That win is just one recent significant outcome of work conducted by members of the Association of New Jersey Chiropractors (ANJC) led by their president, December 1982 Logan graduate Steven Clarke, DC. However, the mission to serve as a voice and advocate for DCs, as well as fighting injustices against the profession, started more than 30 years ago.

In January 1983, the future of Doctors of Chiropractic practicing in the State of New Jersey looked bleak. Outdated state laws prevented chiropractors from providing any kind of care or treatment beyond the articulations of the spinal column and related structures.

Dr. Clarke, a determined new graduate, headed back home to The Garden State where he found work as an associate at a chiropractic practice in Nutley, N.J. “I was well educated at Logan but not familiar with the ins and outs of the profession, especially on the licensing, but I started hearing things,” he said.

Little by little, Dr. Clarke was introduced to various doctors, several who were working to promote chiropractic in the state. Eventually, a number of the chiropractic leaders in the ANJC asked Dr. Clarke to get involved on the legislative committee. “I said, I don’t know anything about legislation.” And they said, “You’ll learn.”

It turns out Dr. Clarke was the right person for the job. He was energetic and wanted to get involved. He was also “tired of getting beat up by the insurance companies” and working under the most restrictive scope of practice in the country, meaning DCs couldn’t adjust extremities unless it was directly related to the hip, pelvis or spine. “Well, you can’t complain unless you get involved,” he said. “The ANJC shared their experiences, and after a while I started learning, understanding and developing strategies.”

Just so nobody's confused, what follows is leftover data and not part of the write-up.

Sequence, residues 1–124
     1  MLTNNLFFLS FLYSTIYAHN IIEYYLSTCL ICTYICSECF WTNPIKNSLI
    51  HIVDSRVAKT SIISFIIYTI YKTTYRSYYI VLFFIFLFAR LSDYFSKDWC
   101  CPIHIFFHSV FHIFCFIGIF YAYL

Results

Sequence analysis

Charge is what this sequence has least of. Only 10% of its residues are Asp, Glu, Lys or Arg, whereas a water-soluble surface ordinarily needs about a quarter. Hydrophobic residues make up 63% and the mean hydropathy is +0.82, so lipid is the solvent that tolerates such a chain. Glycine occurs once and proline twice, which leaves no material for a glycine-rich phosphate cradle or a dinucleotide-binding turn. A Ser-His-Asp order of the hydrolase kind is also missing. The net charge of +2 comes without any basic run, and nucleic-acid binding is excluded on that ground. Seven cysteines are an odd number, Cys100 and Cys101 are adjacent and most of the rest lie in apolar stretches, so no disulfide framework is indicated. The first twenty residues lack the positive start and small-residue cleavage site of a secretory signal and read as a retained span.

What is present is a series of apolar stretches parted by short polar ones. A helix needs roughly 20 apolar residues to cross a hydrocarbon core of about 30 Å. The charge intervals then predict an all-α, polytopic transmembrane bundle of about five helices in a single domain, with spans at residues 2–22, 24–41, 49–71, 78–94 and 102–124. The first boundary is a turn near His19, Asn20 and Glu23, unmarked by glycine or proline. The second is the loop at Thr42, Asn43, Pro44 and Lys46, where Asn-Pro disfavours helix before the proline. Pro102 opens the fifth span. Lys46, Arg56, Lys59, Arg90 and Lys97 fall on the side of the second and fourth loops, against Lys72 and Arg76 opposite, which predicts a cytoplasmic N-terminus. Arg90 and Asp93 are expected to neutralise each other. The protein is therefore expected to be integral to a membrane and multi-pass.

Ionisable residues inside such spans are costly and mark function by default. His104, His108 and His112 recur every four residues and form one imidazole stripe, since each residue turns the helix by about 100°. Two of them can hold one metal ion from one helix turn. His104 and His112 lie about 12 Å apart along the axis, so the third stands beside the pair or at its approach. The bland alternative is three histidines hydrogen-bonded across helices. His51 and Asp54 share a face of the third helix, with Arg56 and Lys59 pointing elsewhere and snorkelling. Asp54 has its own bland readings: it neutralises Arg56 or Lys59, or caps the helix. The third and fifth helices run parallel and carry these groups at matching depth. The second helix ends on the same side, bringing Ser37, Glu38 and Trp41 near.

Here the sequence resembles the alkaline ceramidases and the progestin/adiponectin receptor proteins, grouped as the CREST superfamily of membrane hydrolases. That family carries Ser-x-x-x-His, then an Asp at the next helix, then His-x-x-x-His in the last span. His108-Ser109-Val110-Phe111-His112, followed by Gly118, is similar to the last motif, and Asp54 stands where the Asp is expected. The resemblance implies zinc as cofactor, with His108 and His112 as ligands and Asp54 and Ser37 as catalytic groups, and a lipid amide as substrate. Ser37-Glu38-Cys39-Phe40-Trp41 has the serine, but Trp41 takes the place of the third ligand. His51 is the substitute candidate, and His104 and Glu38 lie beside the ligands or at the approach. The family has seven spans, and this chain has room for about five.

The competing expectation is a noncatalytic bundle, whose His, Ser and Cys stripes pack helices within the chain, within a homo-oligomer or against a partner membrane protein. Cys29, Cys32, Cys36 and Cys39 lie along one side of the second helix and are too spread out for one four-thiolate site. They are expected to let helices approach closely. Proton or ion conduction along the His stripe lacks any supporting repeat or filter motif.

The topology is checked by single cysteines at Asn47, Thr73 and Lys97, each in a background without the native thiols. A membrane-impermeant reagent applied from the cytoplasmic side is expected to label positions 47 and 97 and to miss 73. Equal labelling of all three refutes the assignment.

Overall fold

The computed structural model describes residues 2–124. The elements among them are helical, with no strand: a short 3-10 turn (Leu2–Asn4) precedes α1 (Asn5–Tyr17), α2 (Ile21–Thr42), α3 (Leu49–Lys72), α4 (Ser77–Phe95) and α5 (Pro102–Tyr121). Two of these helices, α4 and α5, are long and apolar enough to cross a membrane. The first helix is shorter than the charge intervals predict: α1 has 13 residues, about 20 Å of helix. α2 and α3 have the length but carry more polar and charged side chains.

Dr. Clarke immersed himself in articles, attended meetings, met with lobbyists and state legislators and studied legislative policies. In 2001, he was appointed ANJC’s Legislative Chair.

In addition to laws that hadn’t changed since the early 1950s, the state of professional organizations for chiropractors in New Jersey was complicated. Half a dozen associations of varying opinions existed, getting very little accomplished on their own to advance the DC profession.

“Finally we realized there was never going to be any change if we didn’t unite and get organized,” he said. “Several of the groups decided to collaborate, pool our resources and get one lobbyist and one executive director. Eventually, all but one group came together. We hired an attorney, a public relations team and established a headquarters. Our executive director was not only a chiropractor but had a business mind.”

With structure and a well-defined purpose, Dr. Clarke and his colleagues set out to work on the current laws in place. He and other members examined scopes of practice for every other state, looking at what worked and what didn’t.

“We were the only state whose chiropractic scope of practice didn’t include a provision about nutrition and we wanted it. We also wanted continuing education to be a requirement for DCs,” he said.

Five years later in January 2010, New Jersey Gov. Jon Corzine signed the proposed Chiropractic Scope of Practice into law.